Natural Dyeing with Tansy and Iron Mordant

Summer is waning, and it’s time to harvest the gifts of the garden. This year I was blessed with a bounty of Tansy (Tanacetum vulgare) which I grew for natural dyeing. This is my first time dyeing with tansy, and I’m pleased with the result, although I still have a lot to learn about natural dyeing!

Preparing the Dye Bath

I started by cutting the fresh tops, including flowers and leaves, while the plant was in bloom. I filled a stockpot to the top with the plant matter, and discarded any woody stems.

I covered the tansy with water, and put the pot on the stove on high heat. Once the water started boiling, I lowered the heat, covered the pot with a lid, and let it simmer for two hours.

Mordanting the Yarn

While my dye bath was boiling, I mordanted the yarn. For this project, I chose a 50/50 cotton and wool blend grown and milled in Virginia. You want approximately the same amount of fiber as dyestuffs. I had about one pound of each. The yarn started as a natural white color.

To make the mordant, I brought 2 quarts of water to boil in a stock pot (used only for dyeing). I added two tablespoons of alum (aluminum acetate) and one tablespoon of cream of tartar. Once the powder was fully dissolved, I removed the mordant from heat and added the yarn to soak.

(For more detailed information on mordanting, see the Botanical Colors website.)

Cooling the Dye Bath and Mordanting Yarn Overnight

After the dye pot had simmered for two hours, I removed it from heat. I let the dye bath and the yarn in the mordant solution cool overnight.

Adding the Yarn to the Dye Bath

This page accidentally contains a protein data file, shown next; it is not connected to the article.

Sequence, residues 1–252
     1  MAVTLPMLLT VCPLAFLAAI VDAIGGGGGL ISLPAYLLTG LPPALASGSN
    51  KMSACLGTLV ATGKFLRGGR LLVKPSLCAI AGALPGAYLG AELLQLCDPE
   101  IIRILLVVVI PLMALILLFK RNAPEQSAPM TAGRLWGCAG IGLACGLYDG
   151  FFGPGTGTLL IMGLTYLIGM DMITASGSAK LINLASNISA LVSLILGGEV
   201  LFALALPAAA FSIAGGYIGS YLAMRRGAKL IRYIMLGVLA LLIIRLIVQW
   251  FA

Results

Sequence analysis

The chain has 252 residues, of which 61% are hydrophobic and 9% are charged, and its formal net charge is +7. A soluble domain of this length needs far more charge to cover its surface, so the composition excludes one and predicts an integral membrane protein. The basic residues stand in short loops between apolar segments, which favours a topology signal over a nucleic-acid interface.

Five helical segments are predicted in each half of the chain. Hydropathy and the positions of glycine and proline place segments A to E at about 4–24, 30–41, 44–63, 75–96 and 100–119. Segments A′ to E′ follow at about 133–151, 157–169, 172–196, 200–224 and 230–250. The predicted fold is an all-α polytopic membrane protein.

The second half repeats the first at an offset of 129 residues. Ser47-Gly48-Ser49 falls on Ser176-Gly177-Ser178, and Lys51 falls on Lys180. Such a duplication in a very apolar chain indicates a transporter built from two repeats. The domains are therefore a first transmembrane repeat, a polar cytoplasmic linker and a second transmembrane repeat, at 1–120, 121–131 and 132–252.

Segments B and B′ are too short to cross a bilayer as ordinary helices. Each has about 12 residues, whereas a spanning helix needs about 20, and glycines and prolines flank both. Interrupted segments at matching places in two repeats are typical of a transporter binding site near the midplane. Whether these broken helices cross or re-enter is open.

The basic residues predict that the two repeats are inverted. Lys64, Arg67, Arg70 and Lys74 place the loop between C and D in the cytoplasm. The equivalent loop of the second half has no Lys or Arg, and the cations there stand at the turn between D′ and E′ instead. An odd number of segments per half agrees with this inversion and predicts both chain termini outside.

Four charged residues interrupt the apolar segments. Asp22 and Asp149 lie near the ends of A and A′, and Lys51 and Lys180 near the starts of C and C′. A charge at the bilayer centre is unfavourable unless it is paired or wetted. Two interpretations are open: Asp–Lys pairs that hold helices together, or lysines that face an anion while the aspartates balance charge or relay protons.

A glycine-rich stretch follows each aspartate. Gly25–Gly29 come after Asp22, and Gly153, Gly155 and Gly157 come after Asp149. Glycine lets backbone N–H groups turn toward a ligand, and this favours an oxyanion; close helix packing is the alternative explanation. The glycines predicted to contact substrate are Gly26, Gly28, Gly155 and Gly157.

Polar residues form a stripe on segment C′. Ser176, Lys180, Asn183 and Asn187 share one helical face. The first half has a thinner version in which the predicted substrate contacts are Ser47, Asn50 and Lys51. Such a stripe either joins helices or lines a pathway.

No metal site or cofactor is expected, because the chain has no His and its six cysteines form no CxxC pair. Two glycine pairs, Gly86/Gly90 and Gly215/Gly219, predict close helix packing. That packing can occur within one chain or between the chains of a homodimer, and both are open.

The next morning, I strained the dye bath to remove the plant matter. I then removed the yarn from the mordant bath, squeezed out any excess liquid, and added it to the dye bath. There needs to be enough liquid for the yarn to freely move around in the dye bath. Mordant can be saved and used again.

Once all the yarn was added, I heated the dye bath on medium to just below boiling. (The dye pot should be hot and steaming, but not boiling.) I then lowered the heat and let the dye pot simmer for an hour.

The yarn became a lovely soft yellow. If you want yellow, you can let the dye pot simmer for a total of two hours. I decided I wanted to try for olive green. Once I saw the yellow color was saturated, after about an hour of simmering, I added 1/2 cup of iron mordant. (Iron mordant is rusty iron scraps in white vinegar allowed to sit for a month. I make it using bits of old iron found on the farm and keep it on hand.)

The dye bath immediately and magically turned an olive green! I mixed the yarn in the bath to ensure even color saturation and let it simmer for another hour. I then removed it from heat and let it cool several hours. Once cool, I washed and rinsed the yarn and hung it on the line to dry.

The yarn is a lovely sage green, and listed in the shop! If you would like to dye your own tansy yarn, below is a list of items you will need:

  1. Plant matter, fresh or dried
  2. Yarn of plant or animal fiber, or a blend
  3. Appropriate mordant
  4. Iron mordant, if desired
  5. Particulate mask and latex gloves, available at your local hardware store
  6. Stock pots, strainer, tongs and other utensils reserved for dyeing
  7. Water, filtered or spring if you have hard water

I also used some of the flower heads to Hapazome print a remnant of fabric that was already eco printed with fresh leaf indigo from my garden. I’m hoping to make a project bag or two.

Watch the video here!

Published by Alissa Head

Neurodivergent Creative living on a few acres of mostly woodland in rural Ohio. Owner of Chestnut Hills Farm and Fiber. I blog about knitting, sewing, spinning, dyeing, gardening, and the occasional gluten free recipe. Also: Horror fan. Paranormal enthusiast. Tudor nerd.

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